a document made or issued by or under the authority of the United States Government, a State, political subdivision of a State, a sponsoring entity of an event designated as a special event of national significance, a foreign government, political subdivision of a foreign government, an international governmental or an international quasi-governmental organization which, when completed with information concerning a particular individual, is of a type intended or commonly accepted for the purpose of identification of individuals

Hunter would not have been able to purchase a firearm if she had presented her expired driver’s license to an FFL. The Bureau of Alcohol, Tobacco, Firearms and Explosives has made clear that as it relates to firearm purchases,

if the law of the State that issued the driver's license provides that the driver's license is invalid due to any reason (i.e., the license is expired or is no longer valid due to an unreported change of address), then the driver's license may not be used for identification purposes

Purchasers must fill out ATF Form 4473. The form requires buyers to list their name, place of birth, current address, date of birth, height, weight, and race. The forms also asks a series of questions to determine if the prospective buyer is prohibited from possessing firearms. An FFL is required to use the information provided on the Form 4473 to query the Federal Bureau of Investigation’s National Instant Criminal Background Check System to determine that the FBI does not have any records indicating that the purchaser is prohibited from possessing firearms. The FFL also records information about the firearm to be transferred onto the Form 4473. 27 CFR 478.129 requires FFLs to keep each Form 4473 “for a period of not less than 20 years after the date of sale or disposition.”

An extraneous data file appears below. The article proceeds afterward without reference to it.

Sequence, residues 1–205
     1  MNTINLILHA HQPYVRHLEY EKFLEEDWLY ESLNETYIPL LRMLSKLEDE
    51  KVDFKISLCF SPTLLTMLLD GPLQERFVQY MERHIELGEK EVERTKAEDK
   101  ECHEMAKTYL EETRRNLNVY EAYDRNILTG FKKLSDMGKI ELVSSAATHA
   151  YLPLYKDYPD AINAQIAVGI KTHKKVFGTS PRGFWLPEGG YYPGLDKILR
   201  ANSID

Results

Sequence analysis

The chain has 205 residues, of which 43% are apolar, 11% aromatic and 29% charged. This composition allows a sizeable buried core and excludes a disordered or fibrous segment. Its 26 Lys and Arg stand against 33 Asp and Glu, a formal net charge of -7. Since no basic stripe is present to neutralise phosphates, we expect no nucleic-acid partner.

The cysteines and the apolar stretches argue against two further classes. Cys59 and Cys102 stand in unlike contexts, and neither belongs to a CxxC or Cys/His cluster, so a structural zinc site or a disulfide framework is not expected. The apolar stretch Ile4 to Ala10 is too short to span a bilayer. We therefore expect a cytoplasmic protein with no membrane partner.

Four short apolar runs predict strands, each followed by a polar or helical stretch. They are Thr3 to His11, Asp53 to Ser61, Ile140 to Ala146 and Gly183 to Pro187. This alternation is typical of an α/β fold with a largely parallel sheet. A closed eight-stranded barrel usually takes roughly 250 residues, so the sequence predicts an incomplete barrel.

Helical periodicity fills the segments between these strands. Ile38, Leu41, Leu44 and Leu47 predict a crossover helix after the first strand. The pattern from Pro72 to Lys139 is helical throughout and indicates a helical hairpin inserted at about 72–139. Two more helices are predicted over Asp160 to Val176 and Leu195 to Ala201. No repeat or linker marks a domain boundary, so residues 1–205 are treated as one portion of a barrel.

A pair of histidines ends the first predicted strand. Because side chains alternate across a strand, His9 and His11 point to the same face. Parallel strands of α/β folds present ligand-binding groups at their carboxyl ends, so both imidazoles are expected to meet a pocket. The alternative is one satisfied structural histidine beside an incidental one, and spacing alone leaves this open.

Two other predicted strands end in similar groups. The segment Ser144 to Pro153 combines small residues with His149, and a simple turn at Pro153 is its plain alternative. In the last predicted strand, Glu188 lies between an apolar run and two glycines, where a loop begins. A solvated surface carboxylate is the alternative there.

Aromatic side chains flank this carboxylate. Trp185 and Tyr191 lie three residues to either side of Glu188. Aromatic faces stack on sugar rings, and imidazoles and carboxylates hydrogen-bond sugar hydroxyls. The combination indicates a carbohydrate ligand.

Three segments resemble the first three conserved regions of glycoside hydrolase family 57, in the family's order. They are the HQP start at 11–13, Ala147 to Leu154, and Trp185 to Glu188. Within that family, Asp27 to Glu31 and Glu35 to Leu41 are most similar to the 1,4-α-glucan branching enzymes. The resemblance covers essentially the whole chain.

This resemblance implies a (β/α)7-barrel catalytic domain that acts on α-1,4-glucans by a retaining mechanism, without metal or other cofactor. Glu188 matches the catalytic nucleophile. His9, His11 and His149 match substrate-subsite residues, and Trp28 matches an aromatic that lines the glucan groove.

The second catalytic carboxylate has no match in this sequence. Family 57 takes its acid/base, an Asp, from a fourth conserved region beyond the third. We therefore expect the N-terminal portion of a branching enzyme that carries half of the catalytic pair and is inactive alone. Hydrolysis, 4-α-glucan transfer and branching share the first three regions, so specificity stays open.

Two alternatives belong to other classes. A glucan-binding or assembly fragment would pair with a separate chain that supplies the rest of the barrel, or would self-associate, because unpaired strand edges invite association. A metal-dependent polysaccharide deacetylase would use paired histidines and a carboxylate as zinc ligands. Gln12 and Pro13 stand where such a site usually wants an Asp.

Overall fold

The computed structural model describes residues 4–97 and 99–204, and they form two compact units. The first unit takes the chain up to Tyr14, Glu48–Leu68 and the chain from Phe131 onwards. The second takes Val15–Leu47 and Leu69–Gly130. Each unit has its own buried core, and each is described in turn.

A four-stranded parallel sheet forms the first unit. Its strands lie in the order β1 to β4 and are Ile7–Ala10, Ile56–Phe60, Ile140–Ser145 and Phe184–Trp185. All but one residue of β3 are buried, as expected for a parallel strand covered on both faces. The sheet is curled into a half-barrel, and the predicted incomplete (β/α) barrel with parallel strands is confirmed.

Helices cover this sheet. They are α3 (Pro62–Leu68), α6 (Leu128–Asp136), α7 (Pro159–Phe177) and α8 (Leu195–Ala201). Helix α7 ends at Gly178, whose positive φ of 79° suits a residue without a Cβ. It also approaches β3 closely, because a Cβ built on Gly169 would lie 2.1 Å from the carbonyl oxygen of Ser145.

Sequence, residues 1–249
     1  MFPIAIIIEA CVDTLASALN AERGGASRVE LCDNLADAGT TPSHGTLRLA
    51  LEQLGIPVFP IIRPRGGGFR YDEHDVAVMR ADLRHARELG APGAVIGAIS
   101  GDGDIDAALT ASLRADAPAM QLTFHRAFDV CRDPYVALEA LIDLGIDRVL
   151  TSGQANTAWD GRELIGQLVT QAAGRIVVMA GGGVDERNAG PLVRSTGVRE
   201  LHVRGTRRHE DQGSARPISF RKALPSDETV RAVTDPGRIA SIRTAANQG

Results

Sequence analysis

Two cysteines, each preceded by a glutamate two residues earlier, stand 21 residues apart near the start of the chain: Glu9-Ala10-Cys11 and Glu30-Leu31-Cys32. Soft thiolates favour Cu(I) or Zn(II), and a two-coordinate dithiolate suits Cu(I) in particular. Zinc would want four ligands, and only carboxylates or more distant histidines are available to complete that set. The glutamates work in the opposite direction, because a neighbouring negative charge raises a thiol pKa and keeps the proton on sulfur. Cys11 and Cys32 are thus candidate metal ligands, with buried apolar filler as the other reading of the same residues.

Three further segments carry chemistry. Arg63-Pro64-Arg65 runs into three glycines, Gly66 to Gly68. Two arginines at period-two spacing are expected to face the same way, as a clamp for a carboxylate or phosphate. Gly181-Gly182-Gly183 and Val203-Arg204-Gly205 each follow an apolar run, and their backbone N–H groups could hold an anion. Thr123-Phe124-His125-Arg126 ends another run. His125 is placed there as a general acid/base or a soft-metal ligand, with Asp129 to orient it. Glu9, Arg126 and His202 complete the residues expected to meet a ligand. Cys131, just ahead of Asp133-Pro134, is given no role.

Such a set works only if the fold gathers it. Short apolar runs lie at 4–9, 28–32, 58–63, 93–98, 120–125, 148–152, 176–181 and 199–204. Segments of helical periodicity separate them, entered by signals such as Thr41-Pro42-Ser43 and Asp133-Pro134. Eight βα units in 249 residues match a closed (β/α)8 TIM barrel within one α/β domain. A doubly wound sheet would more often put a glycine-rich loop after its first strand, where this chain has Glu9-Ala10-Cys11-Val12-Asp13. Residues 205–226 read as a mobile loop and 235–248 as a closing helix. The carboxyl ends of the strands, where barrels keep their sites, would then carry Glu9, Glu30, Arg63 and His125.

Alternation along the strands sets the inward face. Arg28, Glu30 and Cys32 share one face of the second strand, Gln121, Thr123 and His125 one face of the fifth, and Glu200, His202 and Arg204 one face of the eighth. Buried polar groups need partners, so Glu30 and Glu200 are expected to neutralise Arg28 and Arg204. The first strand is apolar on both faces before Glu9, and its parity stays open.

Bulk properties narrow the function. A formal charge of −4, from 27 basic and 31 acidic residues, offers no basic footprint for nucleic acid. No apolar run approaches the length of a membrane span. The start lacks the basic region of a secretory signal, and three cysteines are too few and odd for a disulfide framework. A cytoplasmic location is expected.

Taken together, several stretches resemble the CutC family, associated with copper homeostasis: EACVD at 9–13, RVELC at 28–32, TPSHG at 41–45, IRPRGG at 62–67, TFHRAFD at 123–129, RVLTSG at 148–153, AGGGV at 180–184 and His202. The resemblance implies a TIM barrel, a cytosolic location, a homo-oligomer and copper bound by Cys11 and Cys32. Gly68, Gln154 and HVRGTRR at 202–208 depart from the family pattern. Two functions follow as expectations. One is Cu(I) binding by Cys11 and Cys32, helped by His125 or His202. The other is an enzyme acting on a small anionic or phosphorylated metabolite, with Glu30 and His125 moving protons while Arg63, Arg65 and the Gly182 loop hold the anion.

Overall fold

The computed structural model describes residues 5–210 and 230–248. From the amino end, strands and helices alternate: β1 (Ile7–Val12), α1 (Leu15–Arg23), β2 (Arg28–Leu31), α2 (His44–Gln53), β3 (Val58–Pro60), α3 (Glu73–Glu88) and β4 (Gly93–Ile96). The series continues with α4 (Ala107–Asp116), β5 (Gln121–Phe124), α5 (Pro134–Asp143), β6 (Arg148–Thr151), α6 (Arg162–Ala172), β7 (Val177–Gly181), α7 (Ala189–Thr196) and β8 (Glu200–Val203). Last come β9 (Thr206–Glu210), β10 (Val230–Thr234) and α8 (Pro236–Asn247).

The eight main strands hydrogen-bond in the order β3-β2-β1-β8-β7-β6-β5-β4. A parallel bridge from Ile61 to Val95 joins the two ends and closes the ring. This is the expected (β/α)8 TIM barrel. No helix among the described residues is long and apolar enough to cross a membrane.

As for age restrictions, 18 U.S. Code § 922(b) states that FFLs are prohibited from selling or delivering,

any firearm or ammunition to any individual who the licensee knows or has reasonable cause to believe is less than eighteen years of age, and, if the firearm, or ammunition is other than a shotgun or rifle, or ammunition for a shotgun or rifle, to any individual who the licensee knows or has reasonable cause to believe is less than twenty-one years of age

Federal law prohibits several categories of individuals from possessing firearms and FFLs from knowingly transferring firearms to them under 18 U.S.C. § 922(d) and (g). These categories include anyone who has been convicted of a crime punishable by imprisonment of more than one year, fugitives from justice, unlawful users of controlled substances, those adjudicated as a mental defective or committed to a mental institution, and those convicted of a misdemeanor crime of domestic violence.

Federal law governing the retail sale of firearms is more liberal than the pseudoephedrine scheme in one respect. Federal law does not ration the number of firearms a law-abiding individual may purchase in a given time period. However, under 18 U.S.C. § 923(g)(3), the sale of multiple handgun to a single purchaser within five consecutive business days is subject to a further record-keeping requirement.

Back when the Post admonished Obama for comparing gun sales to produce, he noted, “The gun debate is serious enough that it should not be poisoned by exaggerated claims and faux statistics.” They’re right. Hunter and Guttenberg’s inaccurate statements may not have been as ridiculous as the former president’s, but that shouldn’t be anyone’s yardstick for honesty.

© 2018 National Rifle Association of America, Institute for Legislative Action. This may be reproduced. This may not be reproduced for commercial purposes.